Flu deaths happen spread over a season, not over 6 weeks, and not as a new influx of deaths plugging a hospitals ability to work. EVEN when flu seasons are bad, some hospitals have periods where they are in crisis due to lack of equipment... but they can get it from other facilities or order it since it's available. Every other place on earth is in the same boat as us right now... so that's not likely happening any time soon.

The data on this is not a WAG. Suggesting over 200K data points is a WAG, frankly, is just inaccurate.

If you apply average flu infections and deaths in the US to this bug (IE, just say this bug has the same numbers as the flu), you have over a million deaths in the US per year. OVER a million deaths.

If you think this bug wont do that, remember that the flu infects just over 1 person per other person infected (1.4-1.6 pending source reviewed), this is 2.5-3... It's a LOT easier for this to infect the numbers noted in my last point than it is for the flu to do it.

Here are the numbers. For 1 person who gets the flu, if we use the rate of spread value then the progression of spread (in number of infected people) for 10 generations is this: 1, 2.5, 2.6, 3.4, 5.1, 7.6, 11.4, 17.1, 25.6, 38.9, 57.7.

For this novel coronavirus it's this: 1, 2.75, 7.6, 20.8, 57.2, 157.3, 432.5, 1189.4, 3270.9, 8994.9, 24735.9

So, when you consider it's rate of spread in the community compared to flu, if you only go 10 generations out, you have 24,678, roughly, more people with COVID19 than the flu.

(All numbers from WHO/CDC or Johns Hopkins data)

Comparing a virus that can kill far more often than flu (FACT, not WAG) and infect far more people than flu (FACT, not WAG), in a very short period of time (FACT, not WAG) you have the potential for an absolutely epic crap show (See: China, Ita, Spa, etc...) for health care systems.

Keep in mind that the flu numbers are in place while we have vaccines and treatment options to manage cases... We have, at current, nothing to fight this. Some experimental stuff, and rapid vaccine development, sure... The experiments are, at best months long to validate and assure safety. So for at least several months we have zero population level tools to fight this (except staying away from each other). Ironically, if that tool works, and we dont plug the system and manage this as well as possible, people will look back and claim we blew up the economy for no reason, that it wasnt needed. That would be false. It would actually show the steps saved lots of people and helped health care manage this. People will still do it though, which is frustrating.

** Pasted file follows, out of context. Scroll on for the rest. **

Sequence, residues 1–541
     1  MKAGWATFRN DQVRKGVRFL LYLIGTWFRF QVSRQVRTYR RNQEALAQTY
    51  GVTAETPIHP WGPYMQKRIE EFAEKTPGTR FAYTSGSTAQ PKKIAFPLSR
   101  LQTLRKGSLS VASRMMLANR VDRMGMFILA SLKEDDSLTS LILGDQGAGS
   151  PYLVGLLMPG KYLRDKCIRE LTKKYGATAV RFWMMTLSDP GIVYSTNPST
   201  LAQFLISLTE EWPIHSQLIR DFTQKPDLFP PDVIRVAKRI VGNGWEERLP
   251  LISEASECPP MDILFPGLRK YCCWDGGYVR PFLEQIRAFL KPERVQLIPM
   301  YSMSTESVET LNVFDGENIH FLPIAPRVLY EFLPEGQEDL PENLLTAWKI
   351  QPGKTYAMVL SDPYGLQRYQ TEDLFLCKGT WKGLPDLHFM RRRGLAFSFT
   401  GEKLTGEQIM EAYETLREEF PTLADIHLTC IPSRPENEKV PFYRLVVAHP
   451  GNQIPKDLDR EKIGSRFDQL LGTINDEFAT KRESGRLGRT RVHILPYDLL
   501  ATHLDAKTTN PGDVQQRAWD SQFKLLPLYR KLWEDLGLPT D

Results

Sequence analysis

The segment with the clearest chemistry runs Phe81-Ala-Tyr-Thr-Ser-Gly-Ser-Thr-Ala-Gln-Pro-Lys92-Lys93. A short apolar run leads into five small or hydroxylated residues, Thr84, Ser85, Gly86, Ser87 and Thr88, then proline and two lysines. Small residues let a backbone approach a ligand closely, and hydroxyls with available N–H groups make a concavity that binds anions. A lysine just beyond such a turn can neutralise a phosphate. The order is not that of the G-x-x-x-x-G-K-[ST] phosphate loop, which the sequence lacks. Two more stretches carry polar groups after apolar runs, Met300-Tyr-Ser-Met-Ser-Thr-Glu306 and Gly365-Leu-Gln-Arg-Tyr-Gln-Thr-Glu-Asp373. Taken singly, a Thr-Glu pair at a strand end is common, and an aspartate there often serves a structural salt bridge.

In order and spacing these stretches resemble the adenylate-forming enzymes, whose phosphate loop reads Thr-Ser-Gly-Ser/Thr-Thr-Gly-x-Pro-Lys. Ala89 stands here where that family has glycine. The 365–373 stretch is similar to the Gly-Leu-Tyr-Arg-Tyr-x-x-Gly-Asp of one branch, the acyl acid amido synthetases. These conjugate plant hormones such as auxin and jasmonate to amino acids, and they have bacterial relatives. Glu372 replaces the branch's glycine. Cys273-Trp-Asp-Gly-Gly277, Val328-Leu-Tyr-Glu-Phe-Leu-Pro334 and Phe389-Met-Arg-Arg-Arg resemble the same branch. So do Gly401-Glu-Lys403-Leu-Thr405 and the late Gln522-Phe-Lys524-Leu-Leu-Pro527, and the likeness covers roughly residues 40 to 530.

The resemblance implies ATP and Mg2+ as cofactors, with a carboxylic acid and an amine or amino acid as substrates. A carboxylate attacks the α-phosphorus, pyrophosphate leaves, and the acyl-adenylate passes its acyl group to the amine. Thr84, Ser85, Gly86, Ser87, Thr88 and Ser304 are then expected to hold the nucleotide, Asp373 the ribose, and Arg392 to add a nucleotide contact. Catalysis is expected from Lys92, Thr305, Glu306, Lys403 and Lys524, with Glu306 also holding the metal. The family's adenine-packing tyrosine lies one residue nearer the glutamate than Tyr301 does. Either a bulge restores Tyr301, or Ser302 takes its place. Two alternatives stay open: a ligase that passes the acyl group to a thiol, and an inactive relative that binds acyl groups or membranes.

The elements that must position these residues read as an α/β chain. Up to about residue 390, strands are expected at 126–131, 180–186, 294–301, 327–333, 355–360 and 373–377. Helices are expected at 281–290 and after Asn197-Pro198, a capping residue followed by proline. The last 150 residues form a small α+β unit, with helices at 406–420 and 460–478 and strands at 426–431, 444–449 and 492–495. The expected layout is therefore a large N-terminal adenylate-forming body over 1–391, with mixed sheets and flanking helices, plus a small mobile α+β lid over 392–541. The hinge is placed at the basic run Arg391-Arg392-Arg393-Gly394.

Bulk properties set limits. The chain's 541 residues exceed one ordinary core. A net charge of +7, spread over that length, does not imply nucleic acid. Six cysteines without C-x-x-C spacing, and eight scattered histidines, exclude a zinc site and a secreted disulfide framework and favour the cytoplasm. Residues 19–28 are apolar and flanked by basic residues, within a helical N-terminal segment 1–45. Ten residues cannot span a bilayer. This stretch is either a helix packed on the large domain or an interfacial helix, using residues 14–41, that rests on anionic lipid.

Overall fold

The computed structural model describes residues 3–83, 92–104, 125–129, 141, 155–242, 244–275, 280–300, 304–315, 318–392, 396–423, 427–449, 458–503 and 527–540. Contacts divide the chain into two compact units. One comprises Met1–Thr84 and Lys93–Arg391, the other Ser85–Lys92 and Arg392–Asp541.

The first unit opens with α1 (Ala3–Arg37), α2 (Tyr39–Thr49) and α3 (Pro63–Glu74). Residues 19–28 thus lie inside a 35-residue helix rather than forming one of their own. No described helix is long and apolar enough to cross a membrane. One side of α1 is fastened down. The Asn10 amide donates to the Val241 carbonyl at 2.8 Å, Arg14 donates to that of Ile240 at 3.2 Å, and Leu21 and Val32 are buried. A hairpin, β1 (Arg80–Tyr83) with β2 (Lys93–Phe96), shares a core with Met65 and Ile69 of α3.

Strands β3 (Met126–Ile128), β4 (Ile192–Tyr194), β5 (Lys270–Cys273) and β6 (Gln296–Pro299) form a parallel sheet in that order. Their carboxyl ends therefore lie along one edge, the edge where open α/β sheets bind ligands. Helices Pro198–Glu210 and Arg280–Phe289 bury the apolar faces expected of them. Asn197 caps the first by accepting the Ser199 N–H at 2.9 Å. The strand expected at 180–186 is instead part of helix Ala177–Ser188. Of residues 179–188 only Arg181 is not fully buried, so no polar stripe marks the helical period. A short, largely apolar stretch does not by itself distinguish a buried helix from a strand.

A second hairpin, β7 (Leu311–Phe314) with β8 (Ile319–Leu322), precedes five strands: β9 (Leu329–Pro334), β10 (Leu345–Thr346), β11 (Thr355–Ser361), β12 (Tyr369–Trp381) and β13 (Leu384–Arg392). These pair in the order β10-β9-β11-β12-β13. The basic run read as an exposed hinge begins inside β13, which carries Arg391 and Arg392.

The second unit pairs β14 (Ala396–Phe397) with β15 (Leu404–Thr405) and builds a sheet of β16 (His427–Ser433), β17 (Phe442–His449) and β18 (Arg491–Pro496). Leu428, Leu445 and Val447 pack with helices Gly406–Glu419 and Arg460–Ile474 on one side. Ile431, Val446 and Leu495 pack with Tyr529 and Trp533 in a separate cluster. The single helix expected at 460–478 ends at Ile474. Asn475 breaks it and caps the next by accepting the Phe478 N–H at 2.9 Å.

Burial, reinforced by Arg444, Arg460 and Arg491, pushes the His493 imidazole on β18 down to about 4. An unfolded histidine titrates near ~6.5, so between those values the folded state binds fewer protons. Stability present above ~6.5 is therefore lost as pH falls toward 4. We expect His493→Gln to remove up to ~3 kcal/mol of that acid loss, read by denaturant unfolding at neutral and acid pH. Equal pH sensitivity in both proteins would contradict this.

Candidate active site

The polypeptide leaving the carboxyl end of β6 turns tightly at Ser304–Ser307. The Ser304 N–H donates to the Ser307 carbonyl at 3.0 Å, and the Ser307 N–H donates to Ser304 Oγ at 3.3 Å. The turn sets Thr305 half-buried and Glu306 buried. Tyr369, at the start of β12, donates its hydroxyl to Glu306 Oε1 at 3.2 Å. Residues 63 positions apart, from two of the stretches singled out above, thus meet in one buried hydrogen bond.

Is this going to wipe out the world and kill all of us? No. Not a chance. Is it going to impact all of us by knowing infected people, losing family or friends, and certainly by economically kicking our butts? Yes, yes it is.

Will we as a society get over it and move forward? Yes, we will. Steely American determination is at work in research facilities and hospitals as we type. Eventually it will trickle into everyone, that determination. And will will figure it out.

But this shouldn't be down played at all. It's absolutely a world level mega problem. We are all going to hurt from it... But in doing so, we will have the best chance of a steady recovery out of it as treatments/vaccines become available over the next 1-2 years, coupled with people having survived, thus increasing odds of herd immunity.

Last, when, at some point, a vaccine is available, for the love of all that is holy... Get the frigging vaccine! (Just in case there are any antivax folks reading this who now, I hope, understand the sort of things which vaccines have largely managed for the life spans of almost anyone reading this)

From: Ambush
20-Mar-20
Quote from a news article about the reduction in air pollution over China and Italy:

”The country has some of the worst air pollution in the world, which is responsible for killing more than one million people annually. The United Nations estimates that globally, roughly four million people die each year because of air pollution.“

And Milan Italy is considered the most polluted area in Europe.

From: Two Feathers
20-Mar-20
Yes, I would go.

From: Bou'bound
20-Mar-20
I get so confused with all this

From: Old School
20-Mar-20
Will - I understand you’re gathering facts and extrapolating expected deaths. Here’s a serious question. If millions here are going to die and you reference for us to look at China and Italy - how is it that China has under 100,000 cases and less than 4,000 deaths? Not picking a fight, it’s an honest question. I think there is a bunch of fear mongering going on. Is it serious? Yes. But I’m having a hard time following the thought process of a million Americans dying from this virus this year.

From: Rut Nut
20-Mar-20

Rut Nut's Link
Yep. This ain't the Middle Ages, and this thing ain't the Bubonic Plague!

From: cnelk
20-Mar-20
I got the flu shot in November. 4 weeks ago I got Influenza A. I still have a lingering cough from that. Do you think that isnt an inconvenience at the present time??

The 8 day bout of Influenza A wasnt something I would wish upon anyone... well maybe a few.

The Dr said the flu shot was only 45% effective this year.

Can you imagine what the 'typical flu' death rate would be if there wasnt a vaccination?

From: Will
20-Mar-20
Old school - full agreement! Love your thinking - I'm being serious and I know that's hard to get via message boards. Seriously, you hit the key point.

China and the other couple countries that have stemmed the tide and managed to start getting SOME normal back have done a very similar thing.